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Fruit fly study casts doubt on the “carbs are bad” neutral evolution theory

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From ScienceDaily:

Fruit fly research challenges neutral theory of molecular evolution and suggests one day we may be prescribed diets according to our genes.

Fruit fly larvae with a noted mitochondrial DNA (mtDNA) mutation showed a pronounced increase in development when eating high carbohydrate diet of banana, but stagnated on a high protein diet of passionfruit.

Conversely, fruit fly larvae without the mtDNA mutation thrived on the high protein diet, but dropped in frequency when put on carbohydrates.

UNSW School of Biotechnology & Biomolecular Sciences Professor Bill Ballard, who led the study, says the research is a rare demonstration of positive selection at work in evolution.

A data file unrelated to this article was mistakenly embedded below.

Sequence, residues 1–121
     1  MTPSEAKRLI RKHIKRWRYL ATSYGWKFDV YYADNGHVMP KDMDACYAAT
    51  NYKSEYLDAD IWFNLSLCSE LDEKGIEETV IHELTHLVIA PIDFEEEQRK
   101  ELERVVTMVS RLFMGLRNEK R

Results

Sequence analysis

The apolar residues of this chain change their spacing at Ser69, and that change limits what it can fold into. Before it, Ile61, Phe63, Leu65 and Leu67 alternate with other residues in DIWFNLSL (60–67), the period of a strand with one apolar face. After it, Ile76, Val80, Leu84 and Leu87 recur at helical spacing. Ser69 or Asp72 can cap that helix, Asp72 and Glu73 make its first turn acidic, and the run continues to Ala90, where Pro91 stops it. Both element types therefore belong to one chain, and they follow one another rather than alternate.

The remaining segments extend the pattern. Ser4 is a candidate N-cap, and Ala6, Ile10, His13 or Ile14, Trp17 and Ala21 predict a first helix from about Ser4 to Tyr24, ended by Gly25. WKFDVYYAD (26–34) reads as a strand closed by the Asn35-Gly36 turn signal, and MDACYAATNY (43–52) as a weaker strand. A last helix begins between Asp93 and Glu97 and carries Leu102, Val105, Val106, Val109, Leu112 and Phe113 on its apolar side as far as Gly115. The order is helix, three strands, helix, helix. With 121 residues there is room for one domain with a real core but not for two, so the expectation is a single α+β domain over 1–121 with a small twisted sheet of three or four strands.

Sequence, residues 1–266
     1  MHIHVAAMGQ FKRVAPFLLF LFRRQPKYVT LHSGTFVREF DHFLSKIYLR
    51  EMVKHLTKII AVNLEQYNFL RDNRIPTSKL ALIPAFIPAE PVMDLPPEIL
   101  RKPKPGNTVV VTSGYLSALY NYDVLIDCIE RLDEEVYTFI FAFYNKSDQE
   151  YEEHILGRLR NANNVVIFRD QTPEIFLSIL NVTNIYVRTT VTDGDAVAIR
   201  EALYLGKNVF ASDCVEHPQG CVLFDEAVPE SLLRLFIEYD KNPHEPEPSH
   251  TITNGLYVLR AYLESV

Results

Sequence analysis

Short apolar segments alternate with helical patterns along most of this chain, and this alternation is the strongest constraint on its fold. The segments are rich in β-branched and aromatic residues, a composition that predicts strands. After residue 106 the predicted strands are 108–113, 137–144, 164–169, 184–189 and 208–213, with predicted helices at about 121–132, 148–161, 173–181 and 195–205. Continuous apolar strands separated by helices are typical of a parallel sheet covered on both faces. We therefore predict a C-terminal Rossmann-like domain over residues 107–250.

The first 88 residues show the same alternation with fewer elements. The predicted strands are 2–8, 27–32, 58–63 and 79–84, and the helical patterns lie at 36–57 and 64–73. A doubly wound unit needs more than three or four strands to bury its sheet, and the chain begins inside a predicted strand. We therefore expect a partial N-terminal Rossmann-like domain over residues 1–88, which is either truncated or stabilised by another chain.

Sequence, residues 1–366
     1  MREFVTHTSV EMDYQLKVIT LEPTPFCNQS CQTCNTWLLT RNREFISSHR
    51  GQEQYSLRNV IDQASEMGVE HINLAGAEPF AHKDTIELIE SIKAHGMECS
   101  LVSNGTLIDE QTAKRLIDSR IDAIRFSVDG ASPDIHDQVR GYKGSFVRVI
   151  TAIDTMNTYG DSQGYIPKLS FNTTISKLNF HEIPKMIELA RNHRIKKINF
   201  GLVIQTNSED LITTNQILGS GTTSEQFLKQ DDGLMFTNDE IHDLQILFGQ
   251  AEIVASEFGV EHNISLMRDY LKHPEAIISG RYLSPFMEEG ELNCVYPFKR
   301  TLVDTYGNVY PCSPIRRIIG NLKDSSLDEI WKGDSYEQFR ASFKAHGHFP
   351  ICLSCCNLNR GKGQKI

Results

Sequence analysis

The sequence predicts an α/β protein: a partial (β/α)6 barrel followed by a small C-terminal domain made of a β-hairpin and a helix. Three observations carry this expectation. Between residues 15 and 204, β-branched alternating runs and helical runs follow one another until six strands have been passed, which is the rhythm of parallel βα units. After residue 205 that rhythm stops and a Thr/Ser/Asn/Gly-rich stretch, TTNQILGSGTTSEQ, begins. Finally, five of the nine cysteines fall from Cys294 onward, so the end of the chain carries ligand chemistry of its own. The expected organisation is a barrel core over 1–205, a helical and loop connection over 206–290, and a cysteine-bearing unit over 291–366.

“What is unique about this study is we’ve identified one mutation in the mitochondrial genome, that when fed a specific diet is advantageous and causes the frequency of flies in a population cage to increase,” he says.

Carbohydrates are not supposed to be better than proteins for this purpose.

Given that humans share 75 per cent of the same genes as fruit flies, and have the same mtDNA genes, it is certainly an intriguing prospect that the same mutation inherited in human mtDNA may metabolise carbohydrates in a similar way.

Professor Ballard says while confirmation of this would be “another NHMRC grant away and years of surveying and testing,” the idea is worth exploring.

He says knowledge of a person’s ‘mitotype’ could help explain why a diet high in carbohydrates may induce obesity and diabetes in some but not others. Paper. (from authors) – Wen Chyuan Aw et al. Ad Genotype to phenotype: diet-by-mitochondrial DNA haplotype interactions drive metabolic flexibility and organismal fitness. PLOS Genetics, 2018 More.

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